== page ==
It turns out that spending years longing for, and trying to have, a child doesn't change the fact that taking care of a newborn is really, really hard.
Extreme exhaustion and new (nearly constant) demands strip away all your normal defenses and pulverize your ego. From a spiritual standpoint, this is supposed to be some kind of glorious gift. One of those learning/growing/surrendering opportunities. Unfortunately, like most of those opportunities, it royally sucks. (The exhaustion and crushed ego suck, that is, not the boy. He's pretty fantastic.) Add a history of depression to this mix and what you end up with feels…scary. Like walking a tightrope between two buildings without a net scary.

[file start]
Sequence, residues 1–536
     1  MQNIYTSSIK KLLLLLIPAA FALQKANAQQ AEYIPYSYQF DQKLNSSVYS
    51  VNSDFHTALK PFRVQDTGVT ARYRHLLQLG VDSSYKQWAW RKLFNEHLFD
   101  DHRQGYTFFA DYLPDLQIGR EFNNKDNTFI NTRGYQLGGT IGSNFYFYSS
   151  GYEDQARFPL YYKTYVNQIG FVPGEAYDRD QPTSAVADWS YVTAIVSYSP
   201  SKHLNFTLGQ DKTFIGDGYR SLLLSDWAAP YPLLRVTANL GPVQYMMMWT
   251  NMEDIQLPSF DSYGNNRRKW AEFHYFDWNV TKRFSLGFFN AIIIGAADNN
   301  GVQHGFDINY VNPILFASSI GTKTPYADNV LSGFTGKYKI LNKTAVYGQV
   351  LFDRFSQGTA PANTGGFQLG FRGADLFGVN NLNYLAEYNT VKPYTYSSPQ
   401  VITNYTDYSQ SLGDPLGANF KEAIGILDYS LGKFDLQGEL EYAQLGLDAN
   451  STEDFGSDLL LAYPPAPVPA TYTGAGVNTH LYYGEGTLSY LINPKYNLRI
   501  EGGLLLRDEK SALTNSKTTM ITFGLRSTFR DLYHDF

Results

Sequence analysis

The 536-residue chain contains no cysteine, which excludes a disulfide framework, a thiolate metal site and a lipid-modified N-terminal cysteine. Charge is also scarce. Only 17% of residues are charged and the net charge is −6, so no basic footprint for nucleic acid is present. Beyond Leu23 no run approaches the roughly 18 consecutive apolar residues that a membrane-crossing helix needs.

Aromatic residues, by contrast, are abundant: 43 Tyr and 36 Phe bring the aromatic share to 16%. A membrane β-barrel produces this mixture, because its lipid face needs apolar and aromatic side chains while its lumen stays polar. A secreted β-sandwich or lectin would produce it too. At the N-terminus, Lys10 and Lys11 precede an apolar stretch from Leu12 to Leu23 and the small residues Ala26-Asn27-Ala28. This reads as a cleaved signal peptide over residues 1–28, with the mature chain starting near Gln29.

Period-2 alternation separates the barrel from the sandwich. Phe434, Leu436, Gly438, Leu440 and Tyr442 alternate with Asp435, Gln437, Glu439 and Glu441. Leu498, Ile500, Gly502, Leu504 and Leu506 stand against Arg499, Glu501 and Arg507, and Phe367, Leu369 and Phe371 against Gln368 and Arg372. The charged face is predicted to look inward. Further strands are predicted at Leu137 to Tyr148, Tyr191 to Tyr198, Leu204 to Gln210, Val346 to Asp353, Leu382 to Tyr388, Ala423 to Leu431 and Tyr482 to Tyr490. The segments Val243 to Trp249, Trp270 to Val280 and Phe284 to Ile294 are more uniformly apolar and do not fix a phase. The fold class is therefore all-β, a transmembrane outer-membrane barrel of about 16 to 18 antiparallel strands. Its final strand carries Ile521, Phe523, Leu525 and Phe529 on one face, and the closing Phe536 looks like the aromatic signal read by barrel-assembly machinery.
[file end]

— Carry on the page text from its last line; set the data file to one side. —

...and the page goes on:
Normally, when life flips upside-down on me, I eventually remember to slow down and breathe. The problem here is that it's hard to get enough time and space to gain perspective. Hell, it's hard to get enough time and space to take a shower. But today I realized that I don't necessarily need as much time and space as I think I do. I may not have 20 minute chunks lying around for meditation. I may not have hours for photo walks, or books, or quiet contemplation. But it only takes a moment to stop and breathe. It only takes a second to return to the present.
Today I made a list of simple ways to reconnect with the present--a walk around the block, a deep breath when the baby cries, noticing the smell of his head, the weight and warmth of him. But the easiest thing on the list to share was photography.
One of my favorite ways out of the dark is to pick up the light, one piece at a time.